Russia's new 42-year-old president showed frustration with government officials who do not know how to use a computer and warned Thursday that they could soon be out of a job.

"They either should learn or, as they say, goodbye," President Dmitry Medvedev said. "We don't hire people who can't read and write. Computer literacy today is the same."

Since taking office in May, Medvedev has made it his mission to modernize Russia and fight pervasive corruption.

He said Thursday that, if the government carried out more of its work online, it would increase transparency and make corruption more difficult to hide.

• Click here for FOXNews.com's Personal Technology Center.

But Medvedev said there had been no real progress toward putting documents, government purchase orders or the results of government-funded research online, despite years of talk about establishing an "electronic government."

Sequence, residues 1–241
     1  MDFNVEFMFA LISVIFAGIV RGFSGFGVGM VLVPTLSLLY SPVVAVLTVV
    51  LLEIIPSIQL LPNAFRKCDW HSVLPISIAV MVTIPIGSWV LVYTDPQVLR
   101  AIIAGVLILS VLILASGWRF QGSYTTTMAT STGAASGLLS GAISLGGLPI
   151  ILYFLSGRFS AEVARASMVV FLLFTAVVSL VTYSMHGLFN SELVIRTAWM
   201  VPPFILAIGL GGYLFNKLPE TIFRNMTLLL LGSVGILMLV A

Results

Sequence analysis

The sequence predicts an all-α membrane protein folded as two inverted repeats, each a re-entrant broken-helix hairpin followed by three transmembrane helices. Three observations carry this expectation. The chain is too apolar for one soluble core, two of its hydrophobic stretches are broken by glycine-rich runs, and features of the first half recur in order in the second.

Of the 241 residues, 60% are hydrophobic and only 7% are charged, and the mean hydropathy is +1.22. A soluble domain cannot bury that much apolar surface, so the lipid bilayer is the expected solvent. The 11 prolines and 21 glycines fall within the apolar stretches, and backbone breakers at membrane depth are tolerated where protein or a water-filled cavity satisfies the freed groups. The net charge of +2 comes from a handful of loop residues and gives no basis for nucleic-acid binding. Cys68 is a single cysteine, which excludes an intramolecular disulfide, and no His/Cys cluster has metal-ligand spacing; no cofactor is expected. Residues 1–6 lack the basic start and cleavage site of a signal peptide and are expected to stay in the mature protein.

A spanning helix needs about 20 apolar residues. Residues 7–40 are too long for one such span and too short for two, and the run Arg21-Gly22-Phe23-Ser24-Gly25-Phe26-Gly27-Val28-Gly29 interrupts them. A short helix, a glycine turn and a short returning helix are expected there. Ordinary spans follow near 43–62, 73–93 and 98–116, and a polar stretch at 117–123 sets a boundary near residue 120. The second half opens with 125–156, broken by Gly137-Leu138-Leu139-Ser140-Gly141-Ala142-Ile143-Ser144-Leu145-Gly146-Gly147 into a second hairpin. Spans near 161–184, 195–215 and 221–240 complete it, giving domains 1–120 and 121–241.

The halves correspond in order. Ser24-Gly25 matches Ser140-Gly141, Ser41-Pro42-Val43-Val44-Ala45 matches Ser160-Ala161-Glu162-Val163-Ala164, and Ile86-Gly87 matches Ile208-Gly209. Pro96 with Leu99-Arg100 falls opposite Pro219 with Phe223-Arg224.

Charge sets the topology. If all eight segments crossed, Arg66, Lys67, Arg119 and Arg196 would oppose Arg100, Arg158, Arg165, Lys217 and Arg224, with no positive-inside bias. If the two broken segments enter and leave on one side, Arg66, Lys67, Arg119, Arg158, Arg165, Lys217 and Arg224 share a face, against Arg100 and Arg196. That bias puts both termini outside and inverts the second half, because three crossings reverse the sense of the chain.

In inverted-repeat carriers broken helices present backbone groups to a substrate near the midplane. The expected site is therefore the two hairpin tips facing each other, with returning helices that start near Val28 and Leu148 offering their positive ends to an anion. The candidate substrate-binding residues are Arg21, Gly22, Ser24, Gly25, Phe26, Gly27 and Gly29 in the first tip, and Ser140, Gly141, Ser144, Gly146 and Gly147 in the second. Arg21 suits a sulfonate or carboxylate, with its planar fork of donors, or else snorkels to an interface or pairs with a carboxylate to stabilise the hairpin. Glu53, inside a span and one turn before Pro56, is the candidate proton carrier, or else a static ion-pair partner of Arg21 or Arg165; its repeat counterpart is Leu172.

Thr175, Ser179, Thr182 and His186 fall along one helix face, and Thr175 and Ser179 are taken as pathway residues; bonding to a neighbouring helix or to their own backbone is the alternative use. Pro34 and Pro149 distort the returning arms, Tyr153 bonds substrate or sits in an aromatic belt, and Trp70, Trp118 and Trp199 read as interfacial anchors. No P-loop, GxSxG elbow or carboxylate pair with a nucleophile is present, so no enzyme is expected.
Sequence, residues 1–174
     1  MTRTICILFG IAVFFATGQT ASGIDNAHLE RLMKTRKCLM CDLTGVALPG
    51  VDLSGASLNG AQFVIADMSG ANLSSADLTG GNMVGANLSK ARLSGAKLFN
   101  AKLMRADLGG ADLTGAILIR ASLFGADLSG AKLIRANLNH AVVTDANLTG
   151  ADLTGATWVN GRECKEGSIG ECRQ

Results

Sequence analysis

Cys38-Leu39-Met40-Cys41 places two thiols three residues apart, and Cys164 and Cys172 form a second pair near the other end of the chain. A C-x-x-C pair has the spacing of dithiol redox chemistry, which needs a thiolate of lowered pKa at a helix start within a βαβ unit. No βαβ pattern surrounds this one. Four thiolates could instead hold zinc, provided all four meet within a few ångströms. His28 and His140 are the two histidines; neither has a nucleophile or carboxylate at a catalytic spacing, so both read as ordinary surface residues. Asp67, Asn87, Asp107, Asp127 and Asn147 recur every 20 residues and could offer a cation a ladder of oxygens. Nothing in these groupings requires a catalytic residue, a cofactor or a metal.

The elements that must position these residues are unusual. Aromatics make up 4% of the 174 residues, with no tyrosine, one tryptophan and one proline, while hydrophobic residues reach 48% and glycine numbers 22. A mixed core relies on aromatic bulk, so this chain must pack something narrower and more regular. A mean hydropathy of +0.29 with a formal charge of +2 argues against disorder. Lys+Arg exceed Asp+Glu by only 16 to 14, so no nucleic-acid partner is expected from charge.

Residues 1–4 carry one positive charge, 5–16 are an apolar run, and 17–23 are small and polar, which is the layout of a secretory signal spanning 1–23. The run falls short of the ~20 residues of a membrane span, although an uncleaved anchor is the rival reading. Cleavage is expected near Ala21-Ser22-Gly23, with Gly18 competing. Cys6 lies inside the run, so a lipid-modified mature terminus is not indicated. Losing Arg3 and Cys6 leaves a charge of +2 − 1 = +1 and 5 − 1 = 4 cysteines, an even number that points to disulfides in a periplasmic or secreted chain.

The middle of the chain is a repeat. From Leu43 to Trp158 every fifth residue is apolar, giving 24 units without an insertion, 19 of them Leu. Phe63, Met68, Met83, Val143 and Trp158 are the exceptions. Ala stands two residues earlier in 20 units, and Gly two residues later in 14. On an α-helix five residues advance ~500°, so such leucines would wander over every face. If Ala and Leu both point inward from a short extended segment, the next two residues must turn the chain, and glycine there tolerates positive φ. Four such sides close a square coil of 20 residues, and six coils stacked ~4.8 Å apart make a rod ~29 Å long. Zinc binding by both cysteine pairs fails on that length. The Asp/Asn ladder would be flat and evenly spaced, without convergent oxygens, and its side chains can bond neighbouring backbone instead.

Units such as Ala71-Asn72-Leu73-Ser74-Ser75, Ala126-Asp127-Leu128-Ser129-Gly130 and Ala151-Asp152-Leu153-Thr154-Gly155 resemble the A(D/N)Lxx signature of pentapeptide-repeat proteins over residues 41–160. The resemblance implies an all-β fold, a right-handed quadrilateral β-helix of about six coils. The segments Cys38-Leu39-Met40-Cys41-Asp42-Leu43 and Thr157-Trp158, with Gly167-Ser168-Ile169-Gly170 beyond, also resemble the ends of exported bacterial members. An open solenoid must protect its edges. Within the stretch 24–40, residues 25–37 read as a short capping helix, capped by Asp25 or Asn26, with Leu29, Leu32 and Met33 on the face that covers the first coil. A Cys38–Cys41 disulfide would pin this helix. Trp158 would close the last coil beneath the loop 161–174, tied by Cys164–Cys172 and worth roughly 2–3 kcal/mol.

He blamed the foot-dragging on poor computer skills.

"Civil servants who don't have elementary computer skills cannot work effectively," he said during a nationally televised meeting with federal and regional officials in the northwestern city of Petrozavodsk.

Computer literacy should be part of job evaluations, Medvedev said.

For the government's part, he said, it should help increase Internet access and possibly compensate students for their Internet use.

Medvedev often makes a point of noting his use of the Internet. In an interview with the magazine Itogi before his election in March, he said he even watches the television news online.

Internet penetration in Russia is among the lowest in Europe, with only 12 percent of people age 15 or older online, according to a 2007 study by Internet research company comScore.

But Russia also has the fastest growing Internet population in Europe, the study showed.